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by 👨‍💻 Graham Pierrepoint



Dir: Josh Cooley

Starring Tom Hanks, Tim Allen, Annie Potts, Tony Hale, Keegan-Michael Key, Jordan Peele, Madeleine McGraw, Christina Hendricks, Keanu Reeves, Ally Maki, Jay Hernandez, Lori Alan, Joan Cusack

starstarstarstarstar    3.5 STARS (out of 5)

Toy Story is, of course, a series which has stood the test of time. Originally leading the way for computer animation back in 1995, little did we know that Pixar would still be at the top of their game decades later. There have been a few fits and starts, of course, and while the studio has relied on sequels in the past few years, quality output appears to be back on the cards.

Toy Story 4, however, was never really on the cards, at least not originally. Many people thought that the third instalment, released in 2010, tied the franchise off nicely. Therefore, there was always going to be a lot riding on this – plenty of critics, too, have pondered whether or not the move to make ‘4’ was entirely justifiable beyond box office revenue. It seems, thanks to a colossal Rotten Tomatoes score, that this fourth outing for the talking toys is perhaps worth the price of admission. It is – of course – but is it really that necessary?

Toy Story 4: Movie Review
Toy Story 4 (Pixar)

Picking up from the end of Toy Story 3, Woody, Buzz, Jessie and the gang find themselves introduced to Forky, a toy created by the owner Bonnie, who is – on the face of things – merely a spork with googly eyes and pipe cleaner arms. However, Forky really isn’t sure who he’s supposed to be – and on a road trip, ends up cut off from the group. It’s up to Woody to go save him – and on the way, they run into a long-lost friend of the toys, Bo Peep, who has been making a life for herself as a ‘lost toy’.

Let’s start with the positives. Toy Story 4 is everything you want it to be if you’re after the same laughs, the same cuteness, the good old dependable cast. The animation even between this and the third instalment is stark in its improvement, and the script is as fluid and as funny as ever. The new characters introduced here – particularly Forky – are very easy to get behind, and have line after line of quipped, clever dialogue. Forky’s journey is one which is fascinating – what is it that makes a toy sentient? We never know for sure, but it’s a side to this saga which was well overdue some closure.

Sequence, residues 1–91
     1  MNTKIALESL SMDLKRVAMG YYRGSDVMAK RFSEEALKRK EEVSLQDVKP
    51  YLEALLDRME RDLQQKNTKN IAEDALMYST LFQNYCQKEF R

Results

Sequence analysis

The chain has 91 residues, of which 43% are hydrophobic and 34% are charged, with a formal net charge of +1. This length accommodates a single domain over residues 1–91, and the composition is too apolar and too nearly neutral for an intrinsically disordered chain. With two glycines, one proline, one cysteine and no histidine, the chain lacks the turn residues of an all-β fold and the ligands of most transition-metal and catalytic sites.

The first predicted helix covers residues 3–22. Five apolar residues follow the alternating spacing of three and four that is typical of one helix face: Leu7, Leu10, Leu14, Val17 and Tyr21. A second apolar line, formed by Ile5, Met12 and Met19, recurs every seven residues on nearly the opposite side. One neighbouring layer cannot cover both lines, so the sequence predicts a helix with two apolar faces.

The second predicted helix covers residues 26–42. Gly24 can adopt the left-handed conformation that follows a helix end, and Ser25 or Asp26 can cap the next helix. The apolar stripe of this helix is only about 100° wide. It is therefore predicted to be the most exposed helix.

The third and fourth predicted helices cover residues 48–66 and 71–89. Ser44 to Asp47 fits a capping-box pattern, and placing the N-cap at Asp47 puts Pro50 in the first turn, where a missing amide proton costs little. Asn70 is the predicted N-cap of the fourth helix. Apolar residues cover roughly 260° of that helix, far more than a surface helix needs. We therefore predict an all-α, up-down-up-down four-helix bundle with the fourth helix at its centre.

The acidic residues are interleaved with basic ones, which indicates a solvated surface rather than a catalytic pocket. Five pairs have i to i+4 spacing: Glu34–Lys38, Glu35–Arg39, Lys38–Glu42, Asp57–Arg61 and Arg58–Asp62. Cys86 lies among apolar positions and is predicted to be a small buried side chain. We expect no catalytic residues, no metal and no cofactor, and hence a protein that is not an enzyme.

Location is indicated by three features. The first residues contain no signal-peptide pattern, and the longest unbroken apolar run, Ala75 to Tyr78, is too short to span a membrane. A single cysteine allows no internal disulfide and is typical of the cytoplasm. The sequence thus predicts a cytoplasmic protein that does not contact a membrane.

Beyond the safety of it being characters we know and love, and beyond it being Pixar, Toy Story 4, however, does fall short in a few areas. I’m afraid to say that this adventure does feel unnecessary. Forky’s introduction and his story could have been a very interesting angle to take things – it would’ve been great to learn more about what makes these toys tick – and the existential angle would have been very easy to pitch to kids. It would’ve been a perfect way to tie off the series.

What transpires for the most part, however, is a fairly by-the-numbers adventure, focusing on Woody. Many of the existing cast of toys are sidelined – there are just too many of them for one movie to handle. Toy Story 3’s ending, for all intents and purposes, was perfect. It was a fitting bookend to a beloved saga. When Andy moved on, so did the rest of us. The series has been kept alive through short films produced by Disney and Pixar on occasion, but that should have been the end of it.

Toy Story 4 - Official Trailer (Pixar)

Toy Story 4 feels like an add-on which doesn’t really add much to the experience. You could quote easily watch all of the original trilogy and be immensely satisfied. This instalment throws a big change to the saga in its dying minutes which feels unnecessary – and which some fans may find a bit forced – which leads me again to wonder, why did this have to come to pass? Beyond money, of course.

That’s not to say you won’t enjoy the movie. It’s absolutely gorgeous to look at, the cameo cast is brimming with hilarious talent, and it’s a fairly captivating story. What it’s not, however, is anything ground-breaking. It feels like an extended version of one of the short Toy Story films which have been doing the rounds. It’s very ‘safe’. By ‘safe’, I also sadly have to say that it’s also unremarkable. You’ll enjoy yourself, but you’ll wonder whether it’ll be worth seeing again alongside the others.

Pixar are reportedly putting a cork in doing sequels for a while now, and with two new original properties in Soul and Onward supposedly reaching us next year, it’s never been a more exciting time to be a fan. As for Woody and co, however, it’s time to let them rest – for the big screen, certainly – as this is one zombie adventure too many.